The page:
- The Washington Times - Friday, March 9, 2007

Czech Republic President Vaclav Klaus yesterday issued a stinging attack on “ideological environmentalism” and the campaign against global warming on a day when European Union leaders struck an ambitious deal to cut carbon emissions and energy use across the 27-nation bloc.

Wrapping up a five-day Washington visit that included meetings with Vice President Dick Cheney and Defense Secretary Robert M. Gates, Mr. Klaus said the global warming movement was based on shaky science, a distrust of free markets and a preference for central bureaucratic control over individual freedom.

“Environmentalism only pretends to deal with environmental protection,” Mr. Klaus said in an address to the libertarian Cato Institute. “Behind the terminology is really an ambitious attempt to radically reorganize the world.”

Just hours before he spoke, EU leaders meeting in Brussels reached a deal to set binding targets on increased renewable energy, reduced greenhouse gas emissions and other measures designed to cut energy use.

The EU deal was a personal triumph for German Chancellor Angela Merkel, who pushed for an agreement at the two-day summit as the current chairman of the bloc.

The Czech Republic and other fast-growing East European countries, many still with smokestack industries heavily dependent on coal and oil, had balked at tougher conservation targets favored by more prosperous EU members to the west.

Mr. Klaus declined to criticize Czech officials who signed the deal, saying his government had pressed for a “milder” outcome and is “trying to find a rational way” to deal with the climate change issue.

As president of an EU state neighboring EU powerhouse Germany, Mr. Klaus said he would not be “organizing opposition” to Mrs. Merkel’s agreement, but left little doubt he opposed the spirit and the substance of the EU energy pact.

The Brussels deal put off one of the toughest decisions: While the EU nations as a whole committed to a 20 percent boost by 2020 in the use of renewable energy such as wind and solar power, the targets for individual countries will be set at a later date.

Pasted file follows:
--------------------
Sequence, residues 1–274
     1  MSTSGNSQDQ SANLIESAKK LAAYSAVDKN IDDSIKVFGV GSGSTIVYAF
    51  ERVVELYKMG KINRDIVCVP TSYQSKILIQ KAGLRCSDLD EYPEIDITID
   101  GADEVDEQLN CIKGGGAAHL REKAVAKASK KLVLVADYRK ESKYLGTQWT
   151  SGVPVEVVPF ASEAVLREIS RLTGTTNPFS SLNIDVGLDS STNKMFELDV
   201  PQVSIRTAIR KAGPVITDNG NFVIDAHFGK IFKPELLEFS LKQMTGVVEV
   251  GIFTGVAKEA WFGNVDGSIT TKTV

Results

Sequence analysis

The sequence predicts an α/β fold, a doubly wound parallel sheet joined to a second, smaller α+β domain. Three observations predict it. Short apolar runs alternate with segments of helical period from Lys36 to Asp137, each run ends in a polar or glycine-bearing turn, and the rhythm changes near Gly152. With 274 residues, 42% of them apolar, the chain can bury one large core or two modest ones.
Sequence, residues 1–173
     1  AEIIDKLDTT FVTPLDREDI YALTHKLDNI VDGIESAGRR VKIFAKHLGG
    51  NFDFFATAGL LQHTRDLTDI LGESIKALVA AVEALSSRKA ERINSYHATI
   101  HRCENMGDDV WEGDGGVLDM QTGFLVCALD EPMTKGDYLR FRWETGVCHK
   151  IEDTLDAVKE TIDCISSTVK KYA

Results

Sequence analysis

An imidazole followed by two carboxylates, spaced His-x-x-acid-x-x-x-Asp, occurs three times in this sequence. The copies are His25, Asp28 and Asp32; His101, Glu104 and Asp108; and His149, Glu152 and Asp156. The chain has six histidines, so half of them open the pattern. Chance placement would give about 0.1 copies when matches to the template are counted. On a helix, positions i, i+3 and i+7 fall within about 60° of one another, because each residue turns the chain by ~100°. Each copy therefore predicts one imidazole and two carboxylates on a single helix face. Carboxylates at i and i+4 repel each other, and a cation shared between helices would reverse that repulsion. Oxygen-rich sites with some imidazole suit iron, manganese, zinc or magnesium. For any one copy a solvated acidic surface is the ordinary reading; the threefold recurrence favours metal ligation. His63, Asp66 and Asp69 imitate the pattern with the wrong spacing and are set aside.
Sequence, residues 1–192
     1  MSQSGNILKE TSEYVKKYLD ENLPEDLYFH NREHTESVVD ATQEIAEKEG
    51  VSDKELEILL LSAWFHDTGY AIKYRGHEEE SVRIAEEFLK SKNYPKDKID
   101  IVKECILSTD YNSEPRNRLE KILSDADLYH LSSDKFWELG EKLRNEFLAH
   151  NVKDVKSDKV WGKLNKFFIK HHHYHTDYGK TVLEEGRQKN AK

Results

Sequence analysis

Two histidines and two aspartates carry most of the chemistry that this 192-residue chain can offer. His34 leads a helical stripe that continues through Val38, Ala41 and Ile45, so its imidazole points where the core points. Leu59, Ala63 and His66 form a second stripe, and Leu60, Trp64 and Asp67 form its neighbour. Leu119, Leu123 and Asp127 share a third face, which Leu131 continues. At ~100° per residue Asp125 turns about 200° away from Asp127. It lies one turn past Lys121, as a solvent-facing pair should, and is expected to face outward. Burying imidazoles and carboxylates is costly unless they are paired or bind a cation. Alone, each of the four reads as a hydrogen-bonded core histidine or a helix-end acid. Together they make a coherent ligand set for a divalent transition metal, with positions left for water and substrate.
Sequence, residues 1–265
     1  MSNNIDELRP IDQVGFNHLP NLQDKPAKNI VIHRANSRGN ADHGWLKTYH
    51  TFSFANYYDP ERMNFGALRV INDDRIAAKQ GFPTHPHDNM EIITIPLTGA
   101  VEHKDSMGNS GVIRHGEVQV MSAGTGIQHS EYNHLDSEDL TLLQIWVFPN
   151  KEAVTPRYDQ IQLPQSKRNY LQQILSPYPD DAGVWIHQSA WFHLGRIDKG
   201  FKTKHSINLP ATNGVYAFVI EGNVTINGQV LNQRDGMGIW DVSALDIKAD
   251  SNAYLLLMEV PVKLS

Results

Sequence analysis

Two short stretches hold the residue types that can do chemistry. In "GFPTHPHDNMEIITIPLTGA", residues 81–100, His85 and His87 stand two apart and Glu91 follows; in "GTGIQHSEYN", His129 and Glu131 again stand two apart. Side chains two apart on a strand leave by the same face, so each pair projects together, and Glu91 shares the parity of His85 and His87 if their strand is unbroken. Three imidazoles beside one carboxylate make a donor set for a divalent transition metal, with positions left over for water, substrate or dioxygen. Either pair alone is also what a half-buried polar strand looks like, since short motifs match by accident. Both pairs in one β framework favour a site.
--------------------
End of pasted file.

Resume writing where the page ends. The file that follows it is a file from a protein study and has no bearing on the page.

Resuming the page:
Currently, the EU average for renewable fuels as a percentage of total use is around 7 percent.

Setting those national targets “will be a huge, huge job from a legal and technical point of view,” Jose Manuel Barroso, president of the European Commission, the EU executive arm, told reporters.

Other key aspects of the deal include:

c By 2020, EU leaders agreed to cut carbon emissions by 20 percent, compared to 1990 levels. Mrs. Merkel said she would press world leaders at this summer’s Group of Eight summit in Germany to boost that target to 30 percent, if other major producers would match the EU cuts.

c The leaders made a “political commitment” to have at least 10 percent of all cars and trucks in the bloc running on plant-based “biofuels,” also by 2020.

• EU officials said they would also consider a ban on filament light bulbs in the next few years, forcing a switch to a new generation of more expensive but longer-lasting fluorescent bulbs.

Mr. Barroso said the Brussels deal will give EU countries negotiating leverage to press the United States and major developing countries like India and China to cut their own carbon emissions. But critics said Europe’s difficulty in targets set in the Kyoto climate change pact for 2012 could undercut that leverage.

Mr. Klaus said the global warming movement was just the latest environmental scare campaign, following on the short-lived fears of a population explosion in the 1970s and the expanding ozone hole in the 1980s.

“They keep shooting at a moving target,” he said.


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